Spiderman – Thee best adaptation of an origin story I’ve ever watched. Seeing Spiderman on the big screen is the fulfillment of a childhood dream. The overall sweep of the film is very evocative of the comics and Toby Maguire is excellent as Peter Parker.
Ghost World – This adaptation of Daniel Clowes’ comic of the same name, is an amazing film. It’s about the comedy and tragedy of two girls facing the horrible world of post high school in a suburban wasteland. It was nominated for best-adapted screenplay. It should have won.
Hellboy – A smoking and drinking demon saves the world. Ron Pearlman was born for this role and he made the character come alive. In some sense, Hellboy is the best visual realization of a comic book character ever.
X-Men – What I really like about this movie is that it’s a case of making lemonade out of lemons. It didn’t really have enough of a budget to do the X-men properly and so the creators focused on the emotional context of the characters, which is what the X-men are really all about anyway. Hugh Jackman is a total coup as wolverine and the chemistry between all the actors is truly what makes the movie.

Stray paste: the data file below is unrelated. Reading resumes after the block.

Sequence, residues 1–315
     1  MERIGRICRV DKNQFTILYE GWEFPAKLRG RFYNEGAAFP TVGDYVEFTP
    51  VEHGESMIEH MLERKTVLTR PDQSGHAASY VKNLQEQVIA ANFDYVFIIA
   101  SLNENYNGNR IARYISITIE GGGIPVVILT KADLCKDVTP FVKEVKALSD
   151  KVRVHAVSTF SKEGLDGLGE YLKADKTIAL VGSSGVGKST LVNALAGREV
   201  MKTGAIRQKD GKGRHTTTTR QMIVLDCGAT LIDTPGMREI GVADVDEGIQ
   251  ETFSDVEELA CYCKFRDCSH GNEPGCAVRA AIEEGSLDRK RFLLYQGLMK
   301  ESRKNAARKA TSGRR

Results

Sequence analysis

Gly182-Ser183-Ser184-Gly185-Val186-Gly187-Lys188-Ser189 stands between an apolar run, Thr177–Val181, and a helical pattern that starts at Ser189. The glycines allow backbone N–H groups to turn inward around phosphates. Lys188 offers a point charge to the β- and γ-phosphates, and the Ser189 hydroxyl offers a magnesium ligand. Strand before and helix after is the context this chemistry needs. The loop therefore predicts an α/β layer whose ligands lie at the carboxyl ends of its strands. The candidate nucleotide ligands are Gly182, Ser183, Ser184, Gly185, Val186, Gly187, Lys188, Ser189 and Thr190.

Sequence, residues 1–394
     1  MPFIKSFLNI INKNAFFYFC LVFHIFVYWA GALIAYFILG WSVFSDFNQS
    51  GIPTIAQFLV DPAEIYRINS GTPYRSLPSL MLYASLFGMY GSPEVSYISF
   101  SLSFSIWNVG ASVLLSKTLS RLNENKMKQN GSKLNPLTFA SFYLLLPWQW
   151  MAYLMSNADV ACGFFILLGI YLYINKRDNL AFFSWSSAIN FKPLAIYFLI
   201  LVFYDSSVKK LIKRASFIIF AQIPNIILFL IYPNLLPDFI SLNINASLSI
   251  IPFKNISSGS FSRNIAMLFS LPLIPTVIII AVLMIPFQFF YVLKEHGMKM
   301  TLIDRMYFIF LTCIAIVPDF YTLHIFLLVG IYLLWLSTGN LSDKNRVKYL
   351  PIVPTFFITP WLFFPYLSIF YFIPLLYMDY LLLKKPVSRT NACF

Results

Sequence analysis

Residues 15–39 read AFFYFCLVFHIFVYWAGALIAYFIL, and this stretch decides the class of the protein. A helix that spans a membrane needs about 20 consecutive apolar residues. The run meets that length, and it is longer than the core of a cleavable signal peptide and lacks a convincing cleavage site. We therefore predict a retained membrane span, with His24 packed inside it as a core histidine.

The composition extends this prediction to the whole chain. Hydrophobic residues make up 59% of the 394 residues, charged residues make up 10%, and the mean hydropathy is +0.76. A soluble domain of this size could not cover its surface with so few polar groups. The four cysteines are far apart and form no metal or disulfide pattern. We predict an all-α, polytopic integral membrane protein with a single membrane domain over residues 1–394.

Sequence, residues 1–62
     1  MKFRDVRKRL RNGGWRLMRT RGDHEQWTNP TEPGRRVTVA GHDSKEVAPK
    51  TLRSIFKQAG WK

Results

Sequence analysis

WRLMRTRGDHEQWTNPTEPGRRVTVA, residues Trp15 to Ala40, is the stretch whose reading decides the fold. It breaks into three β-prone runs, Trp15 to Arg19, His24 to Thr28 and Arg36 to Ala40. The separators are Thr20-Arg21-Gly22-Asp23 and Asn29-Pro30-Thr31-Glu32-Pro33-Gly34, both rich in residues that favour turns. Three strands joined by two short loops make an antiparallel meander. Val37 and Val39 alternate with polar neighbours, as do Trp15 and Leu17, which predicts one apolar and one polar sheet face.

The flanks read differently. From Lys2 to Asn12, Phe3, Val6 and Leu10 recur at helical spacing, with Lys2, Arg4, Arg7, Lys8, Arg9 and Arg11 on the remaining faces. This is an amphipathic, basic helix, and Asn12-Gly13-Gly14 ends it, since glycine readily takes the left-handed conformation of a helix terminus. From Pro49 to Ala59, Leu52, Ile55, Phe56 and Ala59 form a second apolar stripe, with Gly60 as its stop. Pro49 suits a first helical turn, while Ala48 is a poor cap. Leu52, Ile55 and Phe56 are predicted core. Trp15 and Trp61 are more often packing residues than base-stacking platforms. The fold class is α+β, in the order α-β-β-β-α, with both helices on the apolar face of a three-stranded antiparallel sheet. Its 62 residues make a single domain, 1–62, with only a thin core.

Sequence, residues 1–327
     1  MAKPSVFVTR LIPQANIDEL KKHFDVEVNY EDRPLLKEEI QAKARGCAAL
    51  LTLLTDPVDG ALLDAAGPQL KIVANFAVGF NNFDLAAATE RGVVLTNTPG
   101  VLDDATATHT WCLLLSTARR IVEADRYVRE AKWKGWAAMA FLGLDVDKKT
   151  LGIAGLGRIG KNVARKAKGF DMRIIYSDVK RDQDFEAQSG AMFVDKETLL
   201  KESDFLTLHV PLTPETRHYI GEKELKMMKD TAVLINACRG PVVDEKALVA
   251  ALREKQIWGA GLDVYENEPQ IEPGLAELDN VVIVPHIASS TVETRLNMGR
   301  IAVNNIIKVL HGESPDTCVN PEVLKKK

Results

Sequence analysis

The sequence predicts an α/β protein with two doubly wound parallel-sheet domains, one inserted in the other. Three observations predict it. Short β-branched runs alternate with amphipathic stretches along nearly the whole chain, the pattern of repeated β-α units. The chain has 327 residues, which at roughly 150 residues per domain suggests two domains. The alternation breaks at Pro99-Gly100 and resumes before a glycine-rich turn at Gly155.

The Mask – A zany and crazy live action cartoon is what you get with the Mask. Jim Carry’s best role imo and Dark Horse Entertainment’s first big success. What happens when your id is released onto the world? Watch The Mask and find out. The dance numbers are outta this world!
Iron Man – Iron Man is one of those movies that meets the expectations of the trailer, films rarely accomplish this. Casting Robert Down Jr. as shell head is a masterstroke and updating his origin story for our time works perfectly. It’s a tight film with plenty of action, lots of laughs and a pop culture mea culpa for the horrible things the US had done for the last seven years.
Justice League: The New Frontier – I’ve already done a review of this see here. An excellent straight to video movie adapted from an excellent comic.
American Splendor – A wonderful cross between a dramatic film and a docudrama, which I never thought was possible until I saw this film. The drama of everyday life and stress of just being alive spills onto the screen in a tale that only Harvey Pekar could tell but is relatable to everybody. One of the best films ever despite the fact it’s a “comic book movie.”
Teenage Mutant Ninja Turtles – Seriously, The first film was a very faithful adaptation of the original black and white comic that started it all. Aspects of it are very dark and not like the kiddy cartoon at all but ninja turtles still is rather funny. It never pretends to be more than it is but it delivers the goods with a solid action oriented story. Plus, seeing a Muppet splinter doing martial arts is awesome.